Cypralis to develop new cyclophilin inhibitors for neurodegenerative diseases

1 March 2017 (Last Updated March 1st, 2017 18:30)

UK-based life sciences company Cypralis has secured funding from the Alzheimer’s Drug Discovery Foundation (ADDF) to develop new cyclophilin inhibitors for neurodegenerative diseases.

UK-based life sciences company Cypralis has secured funding from the Alzheimer’s Drug Discovery Foundation (ADDF) to develop new cyclophilin inhibitors for neurodegenerative diseases.

The $524,000 funding will help augment the existing collaboration, which is facilitated by Johnson & Johnson Innovation, between Cypralis and Janssen Pharmaceuticals to develop the inhibitors.

Cypralis CSO Dr Michael Peel said: "The ADDF funding opens an exciting pathway towards developing a novel class of cyclophilin D inhibitors for neurodegenerative diseases, including Alzheimer’s.

“Many previous publications have recognised the potential for cyclophilin D as a novel target for degenerative disease but no group has published on compounds that combine sub-type selectivity and brain penetration.

"The ADDF funding opens an exciting pathway towards developing a novel class of cyclophilin D inhibitors for neurodegenerative diseases, including Alzheimer’s."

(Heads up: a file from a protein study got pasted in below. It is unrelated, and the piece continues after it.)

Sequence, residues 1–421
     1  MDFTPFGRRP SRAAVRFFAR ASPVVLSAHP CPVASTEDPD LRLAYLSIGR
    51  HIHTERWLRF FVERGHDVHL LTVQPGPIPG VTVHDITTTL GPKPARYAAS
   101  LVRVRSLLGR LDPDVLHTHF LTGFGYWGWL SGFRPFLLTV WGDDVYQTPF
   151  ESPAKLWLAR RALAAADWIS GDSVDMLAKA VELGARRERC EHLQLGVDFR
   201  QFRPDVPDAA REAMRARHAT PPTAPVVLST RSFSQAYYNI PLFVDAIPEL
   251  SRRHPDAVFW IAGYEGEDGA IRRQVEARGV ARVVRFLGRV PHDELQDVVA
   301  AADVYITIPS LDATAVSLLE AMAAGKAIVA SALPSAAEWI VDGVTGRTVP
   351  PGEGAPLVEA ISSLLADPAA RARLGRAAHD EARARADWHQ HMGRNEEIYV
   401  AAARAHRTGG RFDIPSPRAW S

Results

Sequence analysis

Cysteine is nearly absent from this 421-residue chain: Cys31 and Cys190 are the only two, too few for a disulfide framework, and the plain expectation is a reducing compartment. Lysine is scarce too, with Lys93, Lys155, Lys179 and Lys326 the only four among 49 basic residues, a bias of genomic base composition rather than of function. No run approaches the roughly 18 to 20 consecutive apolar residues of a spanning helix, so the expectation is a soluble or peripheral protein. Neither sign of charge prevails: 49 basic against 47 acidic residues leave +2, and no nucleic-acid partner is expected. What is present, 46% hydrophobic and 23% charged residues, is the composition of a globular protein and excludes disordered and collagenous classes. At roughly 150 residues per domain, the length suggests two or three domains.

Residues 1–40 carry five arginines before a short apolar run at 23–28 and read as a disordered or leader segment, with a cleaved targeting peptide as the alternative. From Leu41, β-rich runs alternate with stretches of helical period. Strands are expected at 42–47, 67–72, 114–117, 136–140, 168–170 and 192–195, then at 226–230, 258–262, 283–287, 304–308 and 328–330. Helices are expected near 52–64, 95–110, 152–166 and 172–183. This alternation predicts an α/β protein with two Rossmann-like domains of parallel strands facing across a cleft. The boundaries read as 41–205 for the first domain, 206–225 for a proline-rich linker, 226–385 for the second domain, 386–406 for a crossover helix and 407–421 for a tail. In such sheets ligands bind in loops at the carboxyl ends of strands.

“If data from the ADDF funding is encouraging, Cypralis would expect to initiate a lead optimisation campaign in early 2018 with the goal of generating a novel pre-clinical candidate for this extremely challenging and devastating disease."

Cyclophilin inhibitors are non-selective between the four commonly screened cyclophilin isoforms known as A, B, C and D.

At present, a joint research programme is being carried out by Cypralis and Janssen to generate a new class of CNS penetrant, selective inhibitors of cyclophilin D to target degenerative diseases, including CNS degeneration.

With the ADDF funding, Cypralis will be able to extend ‘hit-to-lead’ medicinal chemistry and expand its brain-penetrant cyclophilin inhibitors.

In 2013, Cypralis was spun out from Selcia to exploit its expertise in targeting peptidyl-prolyl isomerases involved in many acute and chronic diseases.